But funding for sextechs is still really low in Europe. While period tracking apps like Flo and Clue — which raised $50m and €16m in 2021, respectively — have picked up the most investor cash, around the €3m mark seems to be the cutoff for startups that predominantly cater to the pleasure side of sex.
That’s because sextech feels “new and uncomfortable” to VCs, says Angus Barge, founder of London-based erectile dysfunction startup Mojo. It’s raised €3.75m from a mixture of VCs and angels, including Kindred Capital and Octopus Ventures.
Barge found it “really challenging” to raise from VCs when the company launched in 2019, but says once you’ve built a business model that works you get VCs knocking on your door. “We’re just at the beginning. VCs are money people — if you can show them good numbers they’re interested.”
Across the Atlantic, the sextech market is more mature.
Intimate wellness brand Hims & Hers has raised $272m and IPO’d at the start of 2021, at a $1.6bn valuation. Contraception company The Pill Club has raised $107m. Sexual wellness platform Cake has picked up $13.4m and sex toy startup Dame $11m. They’ve all raised mostly from VCs.
Specialist sextech VCs, like Amboy Street Ventures and Vice Ventures, have also emerged. While neither has backed a European sextech yet, Amboy Street Ventures has a London-based European partner, Dominnique Karetsos.
The lack of funding options in Europe has led Kabir to look to the US when Hanx goes out to fundraise a £3m round later this year. “UK VCs are still not prepared for sextech and the US is a few years ahead.”
Many VCs are still uncomfortable talking about sex because it’s such a taboo in wider society, says Schofield.
“Founders need to equip the investors they are pitching to with the right terminology, because often there’s a barrier where people get worried about making a mistake when they’re talking about the subject,” she tells Sifted.
While some investors do get embarrassed when Wilhelmsen is pitching his male masturbator, when he talks about it like it’s the most natural thing in the world, they also feel more comfortable talking about it, he says.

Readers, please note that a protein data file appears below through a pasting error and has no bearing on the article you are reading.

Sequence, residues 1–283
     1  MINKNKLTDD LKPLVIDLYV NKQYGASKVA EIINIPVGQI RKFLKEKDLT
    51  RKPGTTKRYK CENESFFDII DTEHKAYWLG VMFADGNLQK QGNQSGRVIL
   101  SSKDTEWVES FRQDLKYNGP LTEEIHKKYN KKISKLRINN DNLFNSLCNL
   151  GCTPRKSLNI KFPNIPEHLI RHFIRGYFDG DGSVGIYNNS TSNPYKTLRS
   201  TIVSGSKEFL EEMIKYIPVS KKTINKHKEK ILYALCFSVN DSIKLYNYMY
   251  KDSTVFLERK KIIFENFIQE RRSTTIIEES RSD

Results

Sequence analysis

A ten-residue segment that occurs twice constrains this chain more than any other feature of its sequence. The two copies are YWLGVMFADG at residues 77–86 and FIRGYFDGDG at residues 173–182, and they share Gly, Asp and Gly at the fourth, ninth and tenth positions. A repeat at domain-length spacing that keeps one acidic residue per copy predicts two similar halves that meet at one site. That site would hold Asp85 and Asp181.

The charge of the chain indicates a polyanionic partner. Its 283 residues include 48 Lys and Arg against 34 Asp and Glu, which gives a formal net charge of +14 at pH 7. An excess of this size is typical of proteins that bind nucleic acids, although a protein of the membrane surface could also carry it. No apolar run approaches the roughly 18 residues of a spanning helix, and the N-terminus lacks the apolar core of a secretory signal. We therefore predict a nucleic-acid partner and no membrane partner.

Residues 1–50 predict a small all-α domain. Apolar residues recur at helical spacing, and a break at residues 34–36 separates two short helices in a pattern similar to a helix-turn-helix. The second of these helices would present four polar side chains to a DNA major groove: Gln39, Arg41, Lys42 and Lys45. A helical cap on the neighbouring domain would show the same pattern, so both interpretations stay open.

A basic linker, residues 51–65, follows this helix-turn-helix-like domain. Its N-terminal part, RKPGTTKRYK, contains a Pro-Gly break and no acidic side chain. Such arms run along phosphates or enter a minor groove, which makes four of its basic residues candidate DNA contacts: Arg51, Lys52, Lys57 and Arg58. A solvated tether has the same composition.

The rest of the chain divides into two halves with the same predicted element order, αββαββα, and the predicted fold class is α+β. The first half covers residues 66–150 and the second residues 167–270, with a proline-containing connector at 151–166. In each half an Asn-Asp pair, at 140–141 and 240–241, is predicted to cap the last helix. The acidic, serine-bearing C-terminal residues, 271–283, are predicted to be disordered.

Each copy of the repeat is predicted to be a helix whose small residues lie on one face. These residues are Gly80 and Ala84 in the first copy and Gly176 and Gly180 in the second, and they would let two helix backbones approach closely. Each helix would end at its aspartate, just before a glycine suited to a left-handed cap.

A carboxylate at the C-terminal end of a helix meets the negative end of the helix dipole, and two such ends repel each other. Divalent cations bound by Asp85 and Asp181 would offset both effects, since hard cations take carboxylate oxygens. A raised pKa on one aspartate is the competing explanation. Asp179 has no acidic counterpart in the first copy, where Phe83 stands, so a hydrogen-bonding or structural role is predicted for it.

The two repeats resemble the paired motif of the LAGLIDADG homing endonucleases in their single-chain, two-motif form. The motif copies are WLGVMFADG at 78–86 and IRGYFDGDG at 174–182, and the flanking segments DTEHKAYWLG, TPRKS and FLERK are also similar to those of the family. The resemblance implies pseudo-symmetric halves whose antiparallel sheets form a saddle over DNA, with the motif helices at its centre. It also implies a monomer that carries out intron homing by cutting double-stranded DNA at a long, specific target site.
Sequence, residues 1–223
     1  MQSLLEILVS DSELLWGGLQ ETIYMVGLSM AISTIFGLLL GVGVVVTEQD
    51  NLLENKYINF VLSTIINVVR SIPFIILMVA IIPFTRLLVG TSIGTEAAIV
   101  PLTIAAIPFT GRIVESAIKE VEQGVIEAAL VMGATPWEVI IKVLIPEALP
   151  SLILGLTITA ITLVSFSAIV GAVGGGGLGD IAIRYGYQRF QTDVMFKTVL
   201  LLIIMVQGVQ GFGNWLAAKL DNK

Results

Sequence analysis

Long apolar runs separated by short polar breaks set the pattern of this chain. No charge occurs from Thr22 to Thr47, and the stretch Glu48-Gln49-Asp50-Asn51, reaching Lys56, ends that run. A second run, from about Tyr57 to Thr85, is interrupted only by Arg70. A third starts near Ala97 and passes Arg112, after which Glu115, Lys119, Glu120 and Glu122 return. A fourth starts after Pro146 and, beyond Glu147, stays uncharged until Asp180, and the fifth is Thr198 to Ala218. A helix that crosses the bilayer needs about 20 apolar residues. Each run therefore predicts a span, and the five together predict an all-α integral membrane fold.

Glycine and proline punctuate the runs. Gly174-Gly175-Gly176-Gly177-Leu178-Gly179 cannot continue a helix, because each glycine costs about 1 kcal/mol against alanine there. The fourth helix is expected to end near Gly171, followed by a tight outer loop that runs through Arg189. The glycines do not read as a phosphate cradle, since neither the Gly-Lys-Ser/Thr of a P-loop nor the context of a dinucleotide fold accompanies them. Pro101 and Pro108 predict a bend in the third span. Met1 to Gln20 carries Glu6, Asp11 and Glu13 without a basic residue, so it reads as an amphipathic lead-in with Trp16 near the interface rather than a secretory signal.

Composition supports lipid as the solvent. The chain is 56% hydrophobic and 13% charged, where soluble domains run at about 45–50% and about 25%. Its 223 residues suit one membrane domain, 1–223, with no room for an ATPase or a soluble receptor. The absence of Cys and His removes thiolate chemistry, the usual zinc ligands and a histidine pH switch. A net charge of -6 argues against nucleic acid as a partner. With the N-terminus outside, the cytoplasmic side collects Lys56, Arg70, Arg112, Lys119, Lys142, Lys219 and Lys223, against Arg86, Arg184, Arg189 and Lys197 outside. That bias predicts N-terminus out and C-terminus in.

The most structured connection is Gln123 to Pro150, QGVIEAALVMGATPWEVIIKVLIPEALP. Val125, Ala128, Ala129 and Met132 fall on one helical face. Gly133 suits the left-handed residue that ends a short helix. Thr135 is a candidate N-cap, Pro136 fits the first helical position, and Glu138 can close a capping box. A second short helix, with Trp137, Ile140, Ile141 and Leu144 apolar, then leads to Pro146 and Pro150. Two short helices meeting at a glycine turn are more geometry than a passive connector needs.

“It opens up investors' curiosity, because it's a subject that everyone wants to talk about — it’s just they believe they’re not allowed to do so.”
“We’ve become very immune to investor awkwardness,” says Kabir. “Words like ‘condom’ and ‘vagina’ come out very easily during pitches and we take pride in that.”
Investors tend to respond well to the openness, but it’s also made it easier to root out those who aren’t right for Hanx, she adds. “If they’re the type to shy away from [talking openly about sex] we know they’re not the right investor.”
Fundraising isn’t the only challenge facing sextech startups.
For many in the space, advertising in the same channels as other consumer brands can be tricky. All the major social media sites and app stores have content moderation policies that prevent brands promoting or selling products related to sex on the platforms.
“There is no replacement for direct digital advertising on these platforms,” says Jackie Rotman, founder of femtech advertising non-profit group the Center for Intimacy Justice. “Until we have alternatives to these platforms, [health and wellness startups] are never going to be able to access the hockey-stick growth that’s enabled by digital advertising.”
There are signs things are changing, says founder and CEO of Kama, Chloe Macintosh. Six months ago, platforms like Apple and Google relaxed their policies on not promoting anything to do with sex on their app stores.
“Usually terms related to sex don’t rank well when searching [on app stores], and the change in policy has created a lot more organic traffic. We get thousands of extra downloads a day just because of that,” she tells Sifted.
Despite that, most sextech founders still face huge barriers when it comes to promoting their products, and even business fundamentals like payment processing aren’t always straightforward.
Within two days of launching, Hanx’s payment provider refused to process its transactions because it classified the startup as “adult”.
“It refunded all transactions from our very first customers — it was a major blow," says Kabir, who had to scramble to find another payment provider. "It just makes it incredibly challenging to grow and build your business when you have these roadblocks."
But these challenges create exceptional founders, says Schofield. “They often become the best marketers because they've had to think outside the box of Facebook or Instagram. Or they’re great at working out their manufacturing supply chain because they face prejudice in certain areas.”